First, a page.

African Art

Mask Representing a Male Ancestor (Chihongo)

late 19th–early 20th century

Wood, fiber, rattan, and metal

10 13/16 x 6 11/16 x 3 9/16 in. (27.5 x 17 x 9 cm)
Charles B. Benenson, B.A. 1933, Collection
2006.51.79
Chihongo represents a male spirit and refers to wealth and power. This mask would have only have been worn by a high-ranking member of society or his sons during festivities, especially during the proceedings of the mukanda, or male initiation. Chihongo is a royal character, and the exuberant arched headpiece with feathers that would have originally have been attached to the mask referenced a type worn by high chiefs. The disk-shaped element protruding from the chin recalls the beard worn by chiefs. Symbolizing the male principles of power, social status, accomplishment, and strength, Chihongo complements Mwana Pwo, or Pwewo, the model for female beauty.
Culture: 
Chokwe
Period:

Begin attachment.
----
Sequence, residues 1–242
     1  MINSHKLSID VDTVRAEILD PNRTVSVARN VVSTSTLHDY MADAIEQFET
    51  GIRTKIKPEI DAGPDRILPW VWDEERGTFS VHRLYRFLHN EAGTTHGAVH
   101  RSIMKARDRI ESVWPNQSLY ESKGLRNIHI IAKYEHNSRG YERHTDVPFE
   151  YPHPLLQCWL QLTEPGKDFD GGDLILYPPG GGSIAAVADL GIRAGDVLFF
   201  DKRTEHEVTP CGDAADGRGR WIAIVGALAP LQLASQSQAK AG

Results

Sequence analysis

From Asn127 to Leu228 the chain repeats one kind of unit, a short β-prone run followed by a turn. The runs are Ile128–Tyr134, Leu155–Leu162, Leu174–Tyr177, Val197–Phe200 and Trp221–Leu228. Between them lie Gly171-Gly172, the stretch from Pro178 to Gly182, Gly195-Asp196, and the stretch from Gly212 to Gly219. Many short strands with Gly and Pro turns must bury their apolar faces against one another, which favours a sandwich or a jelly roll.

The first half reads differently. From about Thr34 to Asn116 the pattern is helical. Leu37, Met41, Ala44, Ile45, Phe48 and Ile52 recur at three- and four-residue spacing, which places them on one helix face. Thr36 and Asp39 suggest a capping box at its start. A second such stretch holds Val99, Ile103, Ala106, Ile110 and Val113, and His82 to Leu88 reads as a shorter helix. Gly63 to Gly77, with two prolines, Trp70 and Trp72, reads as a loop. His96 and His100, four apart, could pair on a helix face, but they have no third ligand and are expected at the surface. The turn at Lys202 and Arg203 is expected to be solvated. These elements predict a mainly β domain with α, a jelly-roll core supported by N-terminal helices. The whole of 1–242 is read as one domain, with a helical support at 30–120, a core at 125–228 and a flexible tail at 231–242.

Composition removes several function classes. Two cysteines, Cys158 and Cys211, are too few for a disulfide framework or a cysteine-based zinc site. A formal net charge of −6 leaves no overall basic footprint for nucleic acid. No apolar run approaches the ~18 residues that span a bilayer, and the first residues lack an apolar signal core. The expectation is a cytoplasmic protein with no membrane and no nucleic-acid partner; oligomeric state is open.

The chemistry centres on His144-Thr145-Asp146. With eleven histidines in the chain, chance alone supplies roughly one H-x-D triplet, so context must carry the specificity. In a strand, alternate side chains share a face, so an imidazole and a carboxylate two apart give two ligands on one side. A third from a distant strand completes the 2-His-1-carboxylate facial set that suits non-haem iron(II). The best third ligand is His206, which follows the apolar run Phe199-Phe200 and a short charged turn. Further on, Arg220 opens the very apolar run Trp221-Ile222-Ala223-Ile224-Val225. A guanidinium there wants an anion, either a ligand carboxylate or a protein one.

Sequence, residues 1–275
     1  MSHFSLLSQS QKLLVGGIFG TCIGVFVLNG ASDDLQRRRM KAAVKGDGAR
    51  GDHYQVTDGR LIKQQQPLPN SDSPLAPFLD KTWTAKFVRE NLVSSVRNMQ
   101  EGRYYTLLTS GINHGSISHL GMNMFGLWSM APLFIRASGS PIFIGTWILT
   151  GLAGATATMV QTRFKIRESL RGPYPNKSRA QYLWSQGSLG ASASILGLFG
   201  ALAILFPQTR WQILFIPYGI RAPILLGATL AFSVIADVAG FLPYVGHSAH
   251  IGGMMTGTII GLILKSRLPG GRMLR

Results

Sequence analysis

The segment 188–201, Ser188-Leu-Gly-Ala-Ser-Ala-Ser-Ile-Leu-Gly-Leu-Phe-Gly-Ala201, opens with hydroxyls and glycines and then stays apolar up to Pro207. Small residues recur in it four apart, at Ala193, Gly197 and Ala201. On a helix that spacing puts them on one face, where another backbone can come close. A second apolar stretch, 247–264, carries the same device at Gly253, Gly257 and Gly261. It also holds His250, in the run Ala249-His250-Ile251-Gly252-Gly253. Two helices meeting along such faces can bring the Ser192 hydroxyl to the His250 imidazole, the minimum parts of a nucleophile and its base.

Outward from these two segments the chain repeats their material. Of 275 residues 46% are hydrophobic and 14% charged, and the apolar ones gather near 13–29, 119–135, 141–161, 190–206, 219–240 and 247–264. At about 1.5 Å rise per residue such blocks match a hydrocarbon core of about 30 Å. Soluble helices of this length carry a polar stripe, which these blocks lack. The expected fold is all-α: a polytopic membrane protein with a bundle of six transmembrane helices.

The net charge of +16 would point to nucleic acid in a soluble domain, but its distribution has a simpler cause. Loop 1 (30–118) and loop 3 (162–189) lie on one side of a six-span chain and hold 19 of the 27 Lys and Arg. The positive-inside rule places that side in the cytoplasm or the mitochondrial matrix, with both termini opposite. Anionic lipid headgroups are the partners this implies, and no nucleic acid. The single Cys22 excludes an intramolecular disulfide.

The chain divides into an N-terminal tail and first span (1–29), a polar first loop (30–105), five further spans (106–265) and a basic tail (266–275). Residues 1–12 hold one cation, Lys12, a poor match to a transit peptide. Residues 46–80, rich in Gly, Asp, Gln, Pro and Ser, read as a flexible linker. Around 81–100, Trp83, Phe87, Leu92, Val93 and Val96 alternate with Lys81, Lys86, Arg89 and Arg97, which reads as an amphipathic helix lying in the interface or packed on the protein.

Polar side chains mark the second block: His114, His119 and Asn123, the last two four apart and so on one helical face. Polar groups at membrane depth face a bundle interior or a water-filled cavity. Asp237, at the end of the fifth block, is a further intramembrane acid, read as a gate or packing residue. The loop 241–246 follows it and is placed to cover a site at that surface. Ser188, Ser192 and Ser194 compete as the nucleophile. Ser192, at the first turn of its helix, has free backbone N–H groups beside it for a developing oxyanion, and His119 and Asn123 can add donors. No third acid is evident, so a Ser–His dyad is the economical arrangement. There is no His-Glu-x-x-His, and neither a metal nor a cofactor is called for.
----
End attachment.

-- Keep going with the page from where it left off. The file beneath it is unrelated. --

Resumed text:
19th–20th century
Classification: 
Masks
Geography: 
Made in Saurimo, Central Africa, Angola
Status: 
On view
Provenance: 

Diogo de Macedo Lisbon; L. Teixeira, Portugal: Collected in Saurimo, Angola, 1932
Lance Entwistle bought it from the heirs of Diogo de Macedo before 1978
Entwistle and Co. (Lance and Roberta), London: before 1978 - July 1, 1983
Charles B. Benenson Collection, donated to Yale University Art Gallery in 2004

Bibliography: 

Diogo de Macedo and Luiz de Montalvor, Arte Indigena Portuguesa (Lisbon: Editorial Atica, 1934), 681, fig. 38.

Robert Bleakley, African Masks (London: Thames and Hudson, 1978), fig. 34.

Marie-Louise Bastin, La sculpture tshokwe (Meudon, France: Alain et Françoise Chaffin, 1982), 98, fig. 37.

Frederick John Lamp, “Charles Benenson and His Legacy of African Art to Yale,” Yale University Art Gallery Bulletin (2004): 26, ill.

“Acquisitions, July 1, 2005–June 30, 2006,” Yale University Art Gallery Bulletin (2006): 222.

Frederick John Lamp, Accumulating Histories: African Art from the Charles B. Benenson Collection at the Yale University Art Gallery (New Haven, Conn.: Yale University Art Gallery, 2012), 116, ill.

Note: This electronic record was created from historic documentation that does not necessarily reflect the Yale University Art Gallery’s complete or current knowledge about the object. Review and updating of such records is ongoing.